Next you get to pick your race. You can choose from one of nine default races, each with unique abilities, personalities, and attitudes (which will all affect how other AI players interact with you), or even create one of your own. Once you have selected your race, you can then even customize this further, by choosing special attributes and bonuses, your political party, name and appearance. Each one of the factors does have some influence on the game (with the exception of the appearance). Strategy is involved in every step.
Gal Civ II truly can become the game the player wants, and it can be very different each time you play. One of the most significant aspects of this is seen in the types of victory. You can choose the good, old-fashioned kill ‘em all conquest style victory, you can choose to exert your diplomatic muscle and form alliances with all the civilizations (or combine the two and kill off those who refuse!), you can research a tech victory, or you can spread your culture far and wide and convince the rest of the galaxy that you are simply too important for them to not accept your cultural dominance. And what is perhaps most important is that each of these victories is entirely plausible. In my time with the game, I have achieved victory with each of these methods. No two games are alike, and mixing up the victory styles can be very satisfying. Likewise, if you find one type of strategy isn’t working, all is not lost as you can redirect your efforts in another direction.
The next screen you see is the planetary management screen. Here you need to plan what you are going to build on your planets and where. Usable tiles appear green, and the number of them reflects the quality of the planet. Yellow, orange and red tiles can eventually be upgraded to green if you research the required techs. One of the nicest things about planetary management in Gal Civ II is the ability to queue up whatever tiles you want at once. This allows you to get things in the cue and then step away. If you research techs that will upgrade currently built techs, “Governors” will automatically upgrade those buildings when possible. Both of these points help to streamline planetary management greatly and reduce the monotonous micromanaging of checking every planet every turn or two.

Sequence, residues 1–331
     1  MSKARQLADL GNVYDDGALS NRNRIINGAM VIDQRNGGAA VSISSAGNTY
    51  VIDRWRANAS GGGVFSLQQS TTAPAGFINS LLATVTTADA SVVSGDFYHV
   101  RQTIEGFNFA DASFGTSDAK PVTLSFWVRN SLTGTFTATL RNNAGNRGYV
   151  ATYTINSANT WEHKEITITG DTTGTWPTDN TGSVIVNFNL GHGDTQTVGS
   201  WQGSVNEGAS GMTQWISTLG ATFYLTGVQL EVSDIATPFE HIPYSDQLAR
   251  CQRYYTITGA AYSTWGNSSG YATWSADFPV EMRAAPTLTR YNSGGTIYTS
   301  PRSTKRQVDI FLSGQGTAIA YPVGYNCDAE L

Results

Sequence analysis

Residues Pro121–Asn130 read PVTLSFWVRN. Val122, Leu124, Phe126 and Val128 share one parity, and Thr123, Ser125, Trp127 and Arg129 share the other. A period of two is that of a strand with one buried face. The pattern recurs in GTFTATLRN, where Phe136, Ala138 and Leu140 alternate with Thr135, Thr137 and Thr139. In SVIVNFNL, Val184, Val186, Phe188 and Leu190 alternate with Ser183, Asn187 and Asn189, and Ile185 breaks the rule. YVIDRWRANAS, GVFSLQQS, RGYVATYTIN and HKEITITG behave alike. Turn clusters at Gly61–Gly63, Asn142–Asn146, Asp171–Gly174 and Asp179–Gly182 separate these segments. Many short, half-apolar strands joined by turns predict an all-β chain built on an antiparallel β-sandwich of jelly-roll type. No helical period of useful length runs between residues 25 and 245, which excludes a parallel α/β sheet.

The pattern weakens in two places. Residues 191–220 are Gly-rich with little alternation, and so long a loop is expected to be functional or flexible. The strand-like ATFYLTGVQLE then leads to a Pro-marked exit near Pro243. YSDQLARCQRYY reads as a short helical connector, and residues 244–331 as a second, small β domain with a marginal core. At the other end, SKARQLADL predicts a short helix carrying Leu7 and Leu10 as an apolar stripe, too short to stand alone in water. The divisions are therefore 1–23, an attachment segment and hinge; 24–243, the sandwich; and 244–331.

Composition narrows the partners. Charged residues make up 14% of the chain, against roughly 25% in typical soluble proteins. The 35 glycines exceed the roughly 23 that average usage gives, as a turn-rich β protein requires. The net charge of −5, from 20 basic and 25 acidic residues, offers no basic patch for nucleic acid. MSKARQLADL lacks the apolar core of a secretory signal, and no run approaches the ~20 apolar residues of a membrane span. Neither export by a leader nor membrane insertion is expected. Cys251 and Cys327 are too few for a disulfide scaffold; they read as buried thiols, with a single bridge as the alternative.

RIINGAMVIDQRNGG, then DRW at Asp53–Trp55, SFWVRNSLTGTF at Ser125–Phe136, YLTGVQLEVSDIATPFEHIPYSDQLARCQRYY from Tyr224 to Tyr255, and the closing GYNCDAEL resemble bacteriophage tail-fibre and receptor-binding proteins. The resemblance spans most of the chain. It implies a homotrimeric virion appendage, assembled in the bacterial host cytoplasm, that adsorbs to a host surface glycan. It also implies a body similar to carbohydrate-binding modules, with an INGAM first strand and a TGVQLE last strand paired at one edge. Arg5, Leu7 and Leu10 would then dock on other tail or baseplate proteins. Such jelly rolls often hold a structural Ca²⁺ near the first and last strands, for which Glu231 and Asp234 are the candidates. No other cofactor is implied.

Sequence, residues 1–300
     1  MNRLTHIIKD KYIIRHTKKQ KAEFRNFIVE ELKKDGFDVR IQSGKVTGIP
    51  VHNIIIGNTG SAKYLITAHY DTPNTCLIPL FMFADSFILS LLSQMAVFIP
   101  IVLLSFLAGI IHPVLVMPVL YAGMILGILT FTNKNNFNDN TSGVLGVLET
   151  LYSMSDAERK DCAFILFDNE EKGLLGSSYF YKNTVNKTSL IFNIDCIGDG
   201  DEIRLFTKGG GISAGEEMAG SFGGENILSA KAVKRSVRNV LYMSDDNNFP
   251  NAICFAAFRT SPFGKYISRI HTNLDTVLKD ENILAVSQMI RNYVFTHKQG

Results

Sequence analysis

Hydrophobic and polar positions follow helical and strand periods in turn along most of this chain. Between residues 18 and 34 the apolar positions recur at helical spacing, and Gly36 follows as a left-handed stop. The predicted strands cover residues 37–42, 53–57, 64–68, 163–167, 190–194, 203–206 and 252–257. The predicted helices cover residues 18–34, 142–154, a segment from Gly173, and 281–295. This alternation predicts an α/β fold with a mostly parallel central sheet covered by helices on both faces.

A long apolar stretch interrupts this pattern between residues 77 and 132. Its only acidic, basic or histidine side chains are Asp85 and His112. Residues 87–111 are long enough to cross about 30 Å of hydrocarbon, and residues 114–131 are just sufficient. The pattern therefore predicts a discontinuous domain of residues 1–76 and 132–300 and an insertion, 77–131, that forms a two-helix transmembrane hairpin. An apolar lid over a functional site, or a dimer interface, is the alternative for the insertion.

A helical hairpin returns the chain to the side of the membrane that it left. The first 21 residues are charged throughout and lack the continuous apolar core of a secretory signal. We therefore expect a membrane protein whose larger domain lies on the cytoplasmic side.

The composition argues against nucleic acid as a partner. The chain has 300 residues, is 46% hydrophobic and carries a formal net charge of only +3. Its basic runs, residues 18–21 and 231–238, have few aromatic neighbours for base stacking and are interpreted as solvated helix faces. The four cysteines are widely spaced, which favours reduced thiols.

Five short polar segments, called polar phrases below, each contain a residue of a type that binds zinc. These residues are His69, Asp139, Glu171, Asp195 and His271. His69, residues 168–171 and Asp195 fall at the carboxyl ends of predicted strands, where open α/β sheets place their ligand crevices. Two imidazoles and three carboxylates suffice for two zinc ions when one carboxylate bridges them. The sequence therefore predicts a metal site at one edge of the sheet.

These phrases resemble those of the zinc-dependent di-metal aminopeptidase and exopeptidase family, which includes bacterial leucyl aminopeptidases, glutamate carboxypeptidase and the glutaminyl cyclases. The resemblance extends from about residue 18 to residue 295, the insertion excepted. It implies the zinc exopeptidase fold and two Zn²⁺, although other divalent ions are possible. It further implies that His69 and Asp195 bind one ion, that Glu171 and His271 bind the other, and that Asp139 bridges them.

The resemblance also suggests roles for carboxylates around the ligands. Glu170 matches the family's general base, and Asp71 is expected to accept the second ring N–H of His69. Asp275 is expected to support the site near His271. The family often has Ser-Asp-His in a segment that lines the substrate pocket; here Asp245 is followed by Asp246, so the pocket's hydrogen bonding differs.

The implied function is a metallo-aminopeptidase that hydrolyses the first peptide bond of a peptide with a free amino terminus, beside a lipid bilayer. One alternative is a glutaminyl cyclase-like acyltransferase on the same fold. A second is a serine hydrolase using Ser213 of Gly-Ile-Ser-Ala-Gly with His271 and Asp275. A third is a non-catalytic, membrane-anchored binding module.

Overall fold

Okay, so let’s start playing the game. Once you have made it past those initial screens you see your home planet and the very near surrounding area. You have a couple of ships, one to explore and one to colonize. But you need to find planets to colonize first. Here is where the first X of a 4X game comes in: eXploration. Your survey ship can investigate anomalies that are around the board, with some surprises in store. The beginning of the game is really a race to churn out colony ships and find planets to land on, to help build your empire. This is, for me, one of the most frustrating and exciting parts of the game. I love finding a great 20+ level planet with my survey ship, sending a colony ship off to grab it, only to be beat out by the AI, by often only a turn or so. Okay, so maybe I don’t love that, but that initial land grab is certainly exciting.
Once all the inhabitable planets are snatched up, then it is really time to focus on maximizing what you have and working on your strategy. Resources are spread throughout the galaxy and can be mined with starbases to help strengthen your empire. These can be invaluable. Also, starbases can be built to extend your influence, strengthen any military units in the vicinity, and help to strengthen your economy. Appropriate management of starbases and resources can be essential to victory.
When looking at the big picture, there may not be much to look at. But, hey, this is space, right? There is supposed to be a lot of empty, well, space. But zoomed in, explosions are colorful, planets rotate, ships move around and fire identifiable missiles or lasers, etc. And when looking at these screenshots, please realize you are looking at ancient hardware running the game (ATI Mobility Radeon 7500 with 64 megs). And things still look great and run extremely smooth.
Another aspect of the game that deserves particular mention is that of the ship-builder. You can completely customize your ship. See those little red arrows? You can stick something on any one of those. And just about everything you stick on a ship is going to add more of them. I am still a ship-building novice (as evidenced by the ugly behemoth I just cranked out for the express purpose of a screenshot), but there are some who are really taking this to a new level.